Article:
posthole [pōst′hōl΄]
a hole dug in the ground to hold the end of an upright post

English World dictionary. . 2014.

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  • Posthole — In archaeology a posthole is a cut feature used to hold a surface timber or stone. They are usually much deeper than they are wide although truncation may not make this apparent.Although the remains of the timber may survive most postholes are… …   Wikipedia

  • posthole digger — a tool or device for digging a posthole. * * * …   Universalium

  • posthole digger — noun a shovel used to sink postholes • Syn: ↑post hole digger • Hypernyms: ↑shovel * * * a tool or device for digging a posthole …   Useful english dictionary

  • posthole — noun Date: 1703 a hole dug for a post …   New Collegiate Dictionary

  • posthole — /pohst hohl /, n. 1. a hole dug in the earth for setting in the end of a post, as for a fence. 2. Archaeol. an excavated hole showing by its shape and by the remains of wood or other debris that it was once filled by a post. [1695 1705; POST1 +… …   Universalium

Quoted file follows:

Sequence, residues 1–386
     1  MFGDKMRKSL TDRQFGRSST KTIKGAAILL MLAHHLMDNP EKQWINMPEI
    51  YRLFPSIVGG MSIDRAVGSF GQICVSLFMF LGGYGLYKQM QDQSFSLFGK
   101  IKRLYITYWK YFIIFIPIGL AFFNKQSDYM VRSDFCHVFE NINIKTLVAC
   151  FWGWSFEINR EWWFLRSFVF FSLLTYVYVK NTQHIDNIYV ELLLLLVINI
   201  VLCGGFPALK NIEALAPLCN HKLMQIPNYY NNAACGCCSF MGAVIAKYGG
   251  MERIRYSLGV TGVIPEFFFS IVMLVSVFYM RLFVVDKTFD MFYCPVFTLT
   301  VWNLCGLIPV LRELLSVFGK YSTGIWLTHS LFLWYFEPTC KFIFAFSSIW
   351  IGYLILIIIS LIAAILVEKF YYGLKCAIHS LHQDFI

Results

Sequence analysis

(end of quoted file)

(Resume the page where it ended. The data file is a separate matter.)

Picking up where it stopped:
• posthole — noun A cut feature used to hold a surface timber or stone, usually much deeper than it is wide …   Wiktionary

  • posthole — noun a hole dug in the ground to hold a fence post • Syn: ↑post hole • Hypernyms: ↑hole * * * ˈ ̷ ̷ˌ ̷ ̷ noun Etymology: post (I) + hole 1 …   Useful english dictionary

  • Postpipe — In archaeology, a postpipe (or post pipe) is the term given to the remains of an upright timber placed in a posthole. Given the right conditions, timbers may survive over long periods of time and a recovered postpipe can simply be of solid wood.… …   Wikipedia

  • Moatfield Ossuary — Moatfield Ossuary …   Wikipedia

  • Goseck circle — The Goseck circle is a Neolithic structure in Goseck in the Burgenlandkreis district in Saxony Anhalt, Germany. It consists of a set of concentric ditches 75 meters (246 feet) across, and two palisade rings containing gates in defined places. It… …   Wikipedia

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